The financial institution is the last of the big four Australian banks to offer money transfer services to the remittance operators helping Somalis send cash to their families overseas.
The Leader previously reported the bank had advised Somali remittance operators at the Bell Street Mall they would close their accounts on Monday, November 24.
“These will be in place until a further hearing of the matter in court … (on Friday, November 28),” Mr Johns said.
About 10,000 Somalis across Australia — many living in Heidelberg West — will no longer be able to transfer money back to their families overseas once the bank shuts down accounts with remittance services.
Kensington elder Abdurahman Jama Osman, who sends $100 every month to 85-year-old sister Halima, said he was deeply worried about her future.
The tightening of global and Australian financial regulations around anti-money laundering and counter-terrorism has meant many banks are shutting off services to remittance operators because of security concerns.
Somali Remittance Action Group Chair Hussein Haraco — who is not part of the Federal Court action — was in a delegation that travelled to Canberra this week and submitted a 2500-signature petition seeking a solution.
Dr Haraco said the group met with the Attorney General’s department, the Department of Foreign Affairs and Trade and Austrac — Australia’s anti-money laundering and counter-terrorism financing regulator and financial intelligence unit — about the remittance closures.
“Westpac is the last major Australian bank holding accounts of small money transfer operators who transfer remittances from communities in Australia back to family in developing nations such as Somalia,” Dr Haraco said.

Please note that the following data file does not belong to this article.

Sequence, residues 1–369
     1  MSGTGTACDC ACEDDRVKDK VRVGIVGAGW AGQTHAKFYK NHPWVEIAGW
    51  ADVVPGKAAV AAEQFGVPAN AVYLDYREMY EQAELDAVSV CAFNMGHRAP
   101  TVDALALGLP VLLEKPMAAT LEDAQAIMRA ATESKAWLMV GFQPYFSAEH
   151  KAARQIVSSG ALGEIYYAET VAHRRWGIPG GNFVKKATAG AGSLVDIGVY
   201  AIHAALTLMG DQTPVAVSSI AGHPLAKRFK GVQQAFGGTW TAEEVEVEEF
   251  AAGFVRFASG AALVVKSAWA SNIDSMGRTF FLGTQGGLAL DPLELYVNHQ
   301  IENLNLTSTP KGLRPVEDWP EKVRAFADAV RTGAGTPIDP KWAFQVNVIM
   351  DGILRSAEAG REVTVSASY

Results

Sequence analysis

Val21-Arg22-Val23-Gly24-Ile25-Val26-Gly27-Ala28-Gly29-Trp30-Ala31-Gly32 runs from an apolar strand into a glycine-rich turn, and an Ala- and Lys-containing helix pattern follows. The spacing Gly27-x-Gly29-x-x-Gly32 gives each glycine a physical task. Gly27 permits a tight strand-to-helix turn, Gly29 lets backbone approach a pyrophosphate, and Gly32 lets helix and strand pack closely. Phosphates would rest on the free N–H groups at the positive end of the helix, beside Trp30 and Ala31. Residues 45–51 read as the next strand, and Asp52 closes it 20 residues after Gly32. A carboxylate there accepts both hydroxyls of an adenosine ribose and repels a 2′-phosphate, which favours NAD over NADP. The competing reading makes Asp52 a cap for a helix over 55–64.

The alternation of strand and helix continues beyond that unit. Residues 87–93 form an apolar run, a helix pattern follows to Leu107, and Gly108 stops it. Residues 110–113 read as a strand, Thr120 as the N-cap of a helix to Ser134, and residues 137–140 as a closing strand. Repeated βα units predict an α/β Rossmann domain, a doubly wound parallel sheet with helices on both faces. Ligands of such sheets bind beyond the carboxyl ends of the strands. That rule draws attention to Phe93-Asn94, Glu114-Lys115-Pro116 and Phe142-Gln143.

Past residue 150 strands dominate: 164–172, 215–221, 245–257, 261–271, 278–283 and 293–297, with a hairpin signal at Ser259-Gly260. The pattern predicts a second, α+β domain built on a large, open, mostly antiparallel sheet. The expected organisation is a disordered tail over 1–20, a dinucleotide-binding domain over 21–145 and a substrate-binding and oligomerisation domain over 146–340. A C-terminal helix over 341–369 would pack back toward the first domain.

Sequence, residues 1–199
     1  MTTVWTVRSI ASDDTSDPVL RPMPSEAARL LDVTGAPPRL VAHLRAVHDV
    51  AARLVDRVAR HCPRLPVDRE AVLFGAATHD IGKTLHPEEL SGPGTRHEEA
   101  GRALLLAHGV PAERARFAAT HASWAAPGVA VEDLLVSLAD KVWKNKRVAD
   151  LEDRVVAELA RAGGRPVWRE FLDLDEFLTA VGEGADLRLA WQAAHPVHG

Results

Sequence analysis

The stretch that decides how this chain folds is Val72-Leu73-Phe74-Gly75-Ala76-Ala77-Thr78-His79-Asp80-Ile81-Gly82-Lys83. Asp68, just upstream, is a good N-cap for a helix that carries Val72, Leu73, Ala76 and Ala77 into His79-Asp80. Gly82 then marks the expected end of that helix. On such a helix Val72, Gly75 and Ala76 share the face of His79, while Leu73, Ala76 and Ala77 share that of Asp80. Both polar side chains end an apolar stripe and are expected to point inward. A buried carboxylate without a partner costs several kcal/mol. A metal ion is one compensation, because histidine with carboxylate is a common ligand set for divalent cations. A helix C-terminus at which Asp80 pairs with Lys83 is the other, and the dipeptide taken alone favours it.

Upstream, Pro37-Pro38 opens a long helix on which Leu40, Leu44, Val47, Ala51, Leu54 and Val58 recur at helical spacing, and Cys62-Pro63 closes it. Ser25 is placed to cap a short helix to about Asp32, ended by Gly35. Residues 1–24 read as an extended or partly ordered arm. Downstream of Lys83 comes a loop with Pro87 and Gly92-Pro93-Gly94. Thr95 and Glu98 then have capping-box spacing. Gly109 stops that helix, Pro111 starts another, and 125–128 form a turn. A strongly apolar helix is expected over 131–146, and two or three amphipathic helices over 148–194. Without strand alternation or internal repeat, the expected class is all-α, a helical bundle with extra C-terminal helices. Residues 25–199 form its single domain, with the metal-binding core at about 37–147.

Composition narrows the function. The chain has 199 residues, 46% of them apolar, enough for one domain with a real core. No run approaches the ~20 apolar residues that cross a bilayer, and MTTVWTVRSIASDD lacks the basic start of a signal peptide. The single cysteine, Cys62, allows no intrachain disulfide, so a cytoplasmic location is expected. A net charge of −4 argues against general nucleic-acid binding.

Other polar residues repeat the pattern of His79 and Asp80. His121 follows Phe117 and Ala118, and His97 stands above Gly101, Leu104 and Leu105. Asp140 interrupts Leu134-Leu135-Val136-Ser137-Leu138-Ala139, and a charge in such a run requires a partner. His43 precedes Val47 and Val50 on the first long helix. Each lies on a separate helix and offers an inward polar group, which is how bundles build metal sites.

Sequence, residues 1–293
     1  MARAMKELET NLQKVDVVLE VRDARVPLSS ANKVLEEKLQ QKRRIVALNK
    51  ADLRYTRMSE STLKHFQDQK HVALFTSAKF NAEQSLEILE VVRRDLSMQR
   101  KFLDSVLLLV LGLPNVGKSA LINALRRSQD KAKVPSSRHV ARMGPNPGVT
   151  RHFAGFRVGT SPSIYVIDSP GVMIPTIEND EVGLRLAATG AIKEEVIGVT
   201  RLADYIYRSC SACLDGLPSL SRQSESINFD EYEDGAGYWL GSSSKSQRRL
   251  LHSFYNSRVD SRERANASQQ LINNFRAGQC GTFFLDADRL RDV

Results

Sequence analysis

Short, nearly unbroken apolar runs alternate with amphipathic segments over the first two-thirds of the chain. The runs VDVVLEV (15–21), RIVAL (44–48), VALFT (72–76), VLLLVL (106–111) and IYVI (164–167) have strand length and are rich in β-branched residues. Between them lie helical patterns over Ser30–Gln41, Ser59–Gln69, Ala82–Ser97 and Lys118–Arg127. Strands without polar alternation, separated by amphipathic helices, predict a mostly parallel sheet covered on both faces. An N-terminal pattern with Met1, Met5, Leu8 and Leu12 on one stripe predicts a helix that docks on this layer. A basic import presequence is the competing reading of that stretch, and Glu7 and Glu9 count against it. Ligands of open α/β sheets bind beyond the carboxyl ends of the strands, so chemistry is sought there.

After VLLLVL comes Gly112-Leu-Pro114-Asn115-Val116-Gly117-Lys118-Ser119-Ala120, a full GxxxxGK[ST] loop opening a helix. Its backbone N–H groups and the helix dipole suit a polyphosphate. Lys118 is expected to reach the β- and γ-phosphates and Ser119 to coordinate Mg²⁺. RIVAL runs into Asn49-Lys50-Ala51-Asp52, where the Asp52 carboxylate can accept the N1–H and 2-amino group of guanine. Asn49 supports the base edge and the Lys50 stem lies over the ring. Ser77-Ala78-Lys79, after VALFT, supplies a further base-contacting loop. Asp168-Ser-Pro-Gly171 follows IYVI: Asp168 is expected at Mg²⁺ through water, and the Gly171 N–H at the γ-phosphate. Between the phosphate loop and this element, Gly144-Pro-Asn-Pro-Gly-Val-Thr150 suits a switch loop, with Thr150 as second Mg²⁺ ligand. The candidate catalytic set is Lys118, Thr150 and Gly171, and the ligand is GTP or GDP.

“Somali money transfer operators have worked to fill the huge gap left by the lack of financial institutions in Somalia.
“In a country where over three million people do not have enough to eat, cutting off this vital lifeline without a viable alternative in place could be catastrophic.”
Dr Haraco said he believed the Federal Government agencies were committed to organising a meeting with the four major banks, Australian Bankers’ Association and money remitters.
An Attorney General’s department spokesman, who did not want to be named, said the Federal Government recognised remittances represented a major source of income for millions of people across the world.
“Somalia is particularly problematic as there are no banks … so they are entirely reliant on alternative remittance services provided from outside the formal banking system,” the spokesman said.
“The Government will continue to monitor the remittance sector to assess the scope and wider implications of bank account closures and will continue to consult with affected stakeholders as necessary.”
Australian Bankers’ Association chief executive Steven Münchenberg said banks had preliminary discussions with the Government.
Mr Münchenberg said all parties needed to work together to find possible solutions.
“While it is clear there are no easy solutions, the banking industry remains committed to playing our part in trying to address the problems that have arisen from the growing international and domestic regulatory requirements, in particular around anti-money laundering and counter terrorism laws,” Mr Münchenberg said.